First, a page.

Turnaround times for broker loans lengthened at all four major banks in April 2021, but non-majors and non-banks continue to improve or maintain their decision speeds, new data shows.
According to the latest Broker Pulse survey from Momentum Intelligence, which received 247 responses from Broker Pulse members between 1-10 May 2021, all four big four banks are continuing to experience long delays in their time to initial credit decision.
The expansion of the major banks’ turnarounds – which is currently a major broker concern – contributed to the average lender turnaround figure blowing out to 11.5 days for broker loans.
This marks the second highest time since Broker Pulse began in September 2019 (after December 2020, when it was marginally higher at 11.6 days).
Major banks experience delays
The monthly Momentum Intelligence survey, which each month asks brokers to rate their experience of using lenders, revealed that none of the major banks were able to get back to brokers in under 10 business days in April, with all four seeing their turnarounds increase on the previous month.
While National Australia Bank (NAB) remains the fastest of the big four, its time to initial credit decision extended out from 9.4 business days in March 2021, it grew to 11.5 days last month. This is the longest time the bank has taken to reach a decision in the past nine months.
The Commonwealth Bank of Australia (CBA) was the second fastest major, with turnarounds expanding from 12.7 days to 15.1 days, followed by Westpac (which went from 13.7 to 19.4 days), while Australia and New Zealand Bank (ANZ) saw its turnarounds blow out from 16.4 days to 23.4 days (its longest wait time since August 2020).
Last month, the CEOs of the CBA, NAB, Westpac and ANZ told the House of Representatives’ standing committee on economics that turnaround times were within one or two days in the proprietary channel but, on average, between 10 and 12 days in the broker channel – which MFAA CEO Mike Felton suggested was a “gross underestimate of what brokers are experiencing, and is in no way supported by the data”.
The major banks have since told The Adviser that they are working to improve them via technology improvements and by adding additional resources (stay tuned for the June edition of The Adviser for more).
Of the banks most used by brokers, Macquarie and ING were found to be the fastest at 3.9 and 4.2 days, respectively. Approximately a third of brokers responding to the survey had lodged a loan with these two banks over the month.
However, 86 400 and MyState Bank were found to be the banks with the fastest turnaround times, improving their time to 2.9 and 3.6 days, respectively, in April. Only a small proportion of brokers said they had lodged a loan with these two banks that month.
Non-banks continue to drive efficiencies
Overall, non-bank lenders continue to deliver the fastest time to reach an initial credit decision, with nearly all non-bank lenders used by Broker Pulse members having improved their turnaround times on last month.
Firstmac was found to be the fastest of all lenders to reach an initial credit decision, with Broker Pulse showing its turnarounds were at 2.8 days. Approximately 8 per cent of brokers had used the lender to lodge a loan in April.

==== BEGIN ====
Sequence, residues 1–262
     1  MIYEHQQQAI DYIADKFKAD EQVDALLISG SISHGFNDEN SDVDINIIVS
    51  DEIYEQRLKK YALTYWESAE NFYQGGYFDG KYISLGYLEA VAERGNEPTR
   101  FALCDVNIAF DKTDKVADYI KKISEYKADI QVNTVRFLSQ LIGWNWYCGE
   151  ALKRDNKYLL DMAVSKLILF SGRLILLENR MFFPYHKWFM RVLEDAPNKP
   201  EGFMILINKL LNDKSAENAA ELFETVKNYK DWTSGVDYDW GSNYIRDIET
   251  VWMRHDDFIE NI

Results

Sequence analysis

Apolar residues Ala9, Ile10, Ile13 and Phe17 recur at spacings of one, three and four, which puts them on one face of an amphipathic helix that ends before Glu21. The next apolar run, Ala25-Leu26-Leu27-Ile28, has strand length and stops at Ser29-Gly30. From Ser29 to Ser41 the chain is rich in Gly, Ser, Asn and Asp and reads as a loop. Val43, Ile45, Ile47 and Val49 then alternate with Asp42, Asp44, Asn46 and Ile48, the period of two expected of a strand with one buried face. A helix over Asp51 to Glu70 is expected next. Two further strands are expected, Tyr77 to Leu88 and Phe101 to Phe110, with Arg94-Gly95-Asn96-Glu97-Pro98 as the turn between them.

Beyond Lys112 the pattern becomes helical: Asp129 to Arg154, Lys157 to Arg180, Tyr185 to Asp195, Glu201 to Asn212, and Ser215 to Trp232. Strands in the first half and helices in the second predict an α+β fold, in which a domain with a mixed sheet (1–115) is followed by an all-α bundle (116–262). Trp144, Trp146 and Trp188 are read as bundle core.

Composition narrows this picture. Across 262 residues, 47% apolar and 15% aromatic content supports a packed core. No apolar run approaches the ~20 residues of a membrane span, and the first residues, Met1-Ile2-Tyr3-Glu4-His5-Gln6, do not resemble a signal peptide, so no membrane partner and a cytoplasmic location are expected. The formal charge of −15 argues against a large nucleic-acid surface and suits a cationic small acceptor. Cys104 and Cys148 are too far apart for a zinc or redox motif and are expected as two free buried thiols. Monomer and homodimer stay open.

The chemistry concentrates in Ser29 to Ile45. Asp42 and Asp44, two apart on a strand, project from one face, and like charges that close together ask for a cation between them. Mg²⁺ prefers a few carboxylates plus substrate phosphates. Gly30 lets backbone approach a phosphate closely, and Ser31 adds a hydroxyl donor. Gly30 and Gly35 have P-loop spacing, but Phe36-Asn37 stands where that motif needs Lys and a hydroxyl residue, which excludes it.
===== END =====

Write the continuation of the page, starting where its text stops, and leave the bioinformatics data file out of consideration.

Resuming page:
AFG Home Loans also improved its response time to 3.3 days, down from 4.4 days the month prior.
Around a fifth of broker respondents had used Pepper Money that month, which improved its turnaround from 5.2 to 4.4 days last month, and a similar proportion had lodged loans with Advantedge (holding firm at around 6.3 days).
Turnaround issue may impact broker flows
While the majority of brokers responding to Broker Pulse had said they had lodged a mortgage with a major bank in April, Momentum Media director Alex Whitlock recently warned that lenders may find that brokers are “going to be advising their clients to go to the institutions that can deliver turnaround times quickly”.
“Indeed, mortgage brokers are now bound by a best interests duty to their clients, and turnarounds are an increasingly important factor for borrowers,” he said in a recent opinion piece on The Adviser.
“With the property market being so hot, borrowers cannot afford to wait a month for their loan to be approved. Their dream house will be bought by someone who already has finance in place. That business deal that they wanted to take advantage of will have expired.
“In the long term, if the major banks do not fix their channel conflict when it comes to time to approval, they will miss out on the business from brokers. And, as we know, this is 60 per cent of all mortgage business,” he said.
Find out more about the turnaround time issue, and what the major banks are doing about them, in the upcoming June edition of The Adviser magazine. Make sure you’re subscribed to The Adviser newsletter to real all about it when it releases!
You can find out more about what brokers think of the lending sector’s broker offerings and performance over the past 12 months in the annual Third-Party Lending Report. The 2021 report will be released tomorrow (20 May). Further information about the full report can be accessed via Momentum Intelligence.
Brokers interested in joining Momentum Intelligence’s Broker Pulse panel can apply to Momentum Intelligence here. Participants of the survey will receive full access to the report and exclusive insights into the research.
Annie Kane is the editor of The Adviser and Mortgage Business.
As well as writing about the Australian broking industry, the mortgage market, financial regulation, fintechs and the wider lending landscape – Annie is also the host of the Elite Broker and In Focus podcasts and The Adviser Live webcasts.
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